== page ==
T2018January3VannettaChapman-5120-Edithanks for stopping by my official webpage.  As we all sink into our summer activities, I appreciate the fact that you’re here.  Browse around a bit, leave a comment if you’d like, and if you have a question, drop me a line via the Connect/Contact button at the top of this page!

My first book released in 2010. I personally scheduled 25 book signings for A Simple Amish Christmas and since then I’ve been on book tours, attended quilt shows, spoke at libraries and retirement homes and conferences. For every person who was able to attend one of those events, I’ve received a dozen emails and comments and tweets saying “I wish I could be there.”

NOW OPENAnd so it is that I am thrilled to announce the opening of my on-line store, VC Boutique for readers. It’s not quite as good as you and I getting to chat in person, but my hope is that you’ll find it’s the next best thing.

You can purchase autographed books as well as specialty items that I’ve paired with books – such as small quilts, Amish items, knitted caps and blankets. I’ll be adding new items each week (coming soon–Texas trinkets and VC Swag) so be sure and check back. In the meantime, I hope you’ll pop over and browse around a bit.

We have several more releases to look forward to this year–

Thanks again for stopping by. I hope you’re able to stay cool, relax a little, and enjoy the summer.

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From the Back Porch


Amish facts/history, Amish view Comments: 19

DSCN6526It’s here! The dog days of summer … or is it “dog daze.” Regardless, it feels like we’re melting in the south. So I thought I’d do a blog on how the Amish survive summer because as you know, they do not have air-conditioning.

  1. Most Amish homes are specifically designed so that they will catch a cross breeze. They have high ceilings and tall windows, which also helps.
  2. An Amish home and yard have many tall shade trees. In most Englisch subdivisions, a developer will go in and level the trees because “it’s not worth it to save them.” The houses go up and landscape is planted. Amish homes depend on the shade from mature trees to keep their house cool, so when they’re building – they plan around the trees.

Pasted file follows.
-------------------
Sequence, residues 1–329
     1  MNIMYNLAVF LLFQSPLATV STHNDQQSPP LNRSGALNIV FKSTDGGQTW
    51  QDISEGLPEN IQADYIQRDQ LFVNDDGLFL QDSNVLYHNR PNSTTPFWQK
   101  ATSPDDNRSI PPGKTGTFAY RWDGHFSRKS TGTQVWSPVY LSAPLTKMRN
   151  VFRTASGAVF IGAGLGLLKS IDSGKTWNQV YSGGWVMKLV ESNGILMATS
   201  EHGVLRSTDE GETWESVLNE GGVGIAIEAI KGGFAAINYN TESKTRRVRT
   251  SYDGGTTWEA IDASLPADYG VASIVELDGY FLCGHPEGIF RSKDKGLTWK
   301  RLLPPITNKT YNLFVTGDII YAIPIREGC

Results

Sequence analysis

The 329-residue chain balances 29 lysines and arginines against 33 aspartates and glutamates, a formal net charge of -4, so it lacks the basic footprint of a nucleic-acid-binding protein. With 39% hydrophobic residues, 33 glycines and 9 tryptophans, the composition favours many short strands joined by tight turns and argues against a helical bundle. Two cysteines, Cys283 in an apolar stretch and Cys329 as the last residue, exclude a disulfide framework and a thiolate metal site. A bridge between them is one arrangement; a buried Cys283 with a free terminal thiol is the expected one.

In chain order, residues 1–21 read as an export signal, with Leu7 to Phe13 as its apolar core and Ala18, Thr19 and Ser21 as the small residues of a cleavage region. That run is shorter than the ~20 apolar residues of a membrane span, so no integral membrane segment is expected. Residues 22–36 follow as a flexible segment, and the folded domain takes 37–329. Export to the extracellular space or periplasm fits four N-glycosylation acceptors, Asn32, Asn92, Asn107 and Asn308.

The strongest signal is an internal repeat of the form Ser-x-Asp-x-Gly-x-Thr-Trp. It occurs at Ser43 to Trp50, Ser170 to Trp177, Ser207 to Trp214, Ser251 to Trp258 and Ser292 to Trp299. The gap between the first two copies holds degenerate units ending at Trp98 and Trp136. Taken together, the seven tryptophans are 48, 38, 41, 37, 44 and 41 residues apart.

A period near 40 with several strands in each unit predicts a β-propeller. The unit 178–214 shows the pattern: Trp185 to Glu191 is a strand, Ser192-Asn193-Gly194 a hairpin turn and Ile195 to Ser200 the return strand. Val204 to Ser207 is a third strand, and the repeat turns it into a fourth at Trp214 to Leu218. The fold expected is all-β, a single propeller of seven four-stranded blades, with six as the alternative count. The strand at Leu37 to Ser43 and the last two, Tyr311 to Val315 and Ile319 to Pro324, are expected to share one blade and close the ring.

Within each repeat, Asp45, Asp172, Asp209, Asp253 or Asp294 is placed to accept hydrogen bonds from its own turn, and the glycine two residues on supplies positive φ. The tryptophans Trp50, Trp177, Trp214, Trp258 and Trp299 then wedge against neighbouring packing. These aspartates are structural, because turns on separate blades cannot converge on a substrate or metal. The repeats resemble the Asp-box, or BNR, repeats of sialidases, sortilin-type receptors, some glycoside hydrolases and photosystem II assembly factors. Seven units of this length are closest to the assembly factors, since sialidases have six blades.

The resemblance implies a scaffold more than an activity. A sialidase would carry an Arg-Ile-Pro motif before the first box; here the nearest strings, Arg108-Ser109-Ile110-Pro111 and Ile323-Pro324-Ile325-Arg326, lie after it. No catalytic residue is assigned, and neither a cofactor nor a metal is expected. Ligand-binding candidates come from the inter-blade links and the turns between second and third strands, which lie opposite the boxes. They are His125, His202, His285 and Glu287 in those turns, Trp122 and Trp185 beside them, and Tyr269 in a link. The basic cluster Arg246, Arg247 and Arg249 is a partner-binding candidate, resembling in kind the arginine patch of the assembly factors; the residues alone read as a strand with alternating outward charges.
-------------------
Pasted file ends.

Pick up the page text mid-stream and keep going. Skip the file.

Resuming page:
3. As you know, the Amish dress modestly–which you would think would be very hot. I’m reminded of my dad saying that he was cooler in a cotton long sleeved shirt than in a sleeveless one. Seems counter-intuitive, but I’ve also seen gardeners working in long sleeve shirts. I think the key is that the fabric needs to be breathable.
  4. Another saying from my dad was that “lightbulbs give off 98% heat and 2% light.” He might have been teasing in order to convince me to turn off lights when I left a room, or he might have been telling the truth. Regardless, the Amish don’t have many of the things in their homes that create heat – lights, appliances, etc.
  5. The women and children work outside early in the morning and late in the afternoon when it is cooler. That may seem obvious but occasionally I find myself dragging the trash to the curb at 11 in the morning, when it feels like I’m crossing White Sands New Mexico to get to the street.
  6. The Amish choose northern locations to live. There’s one small community in Texas, and to my knowledge there are none in New Mexico or Arizona. Not only is it uncomfortable to live in these locations during the hot summer months, but it’s nearly impossible to irrigate without some form of power.

I think that one reason the heat doesn’t bother the Amish as much as it does me or you is simply that they haven’t become accustomed to air-conditioning. I grew up without a/c in my home. My husband didn’t have it in his school. We survived and surprisingly we have good memories of those times. So much of life is making the best of what you have.

Comment below with how you combat the heat of summer, and I’ll draw one winner to receive my latest release. Our winner from the last post was Erika.



Announcements for this week:

  • Giveaway. My new Rafflecopter giveaway is live, and it includes two autographed copies of my upcoming release – one for you and one to share with a friend. Check my webpage for details.
  • VC Reader’s Boutique is now open. You can purchase autographed paperback books as well as handmade items to go along with the books. Click here to browse my items and remember that I add new items several times a week.
  • The repackaged edition of Material Witness releases July 10th and Love Inspired should start shipping paperback copies A Widow’s Hope on July 17th (ebook available 8-1). You can preorder in all the normal places.

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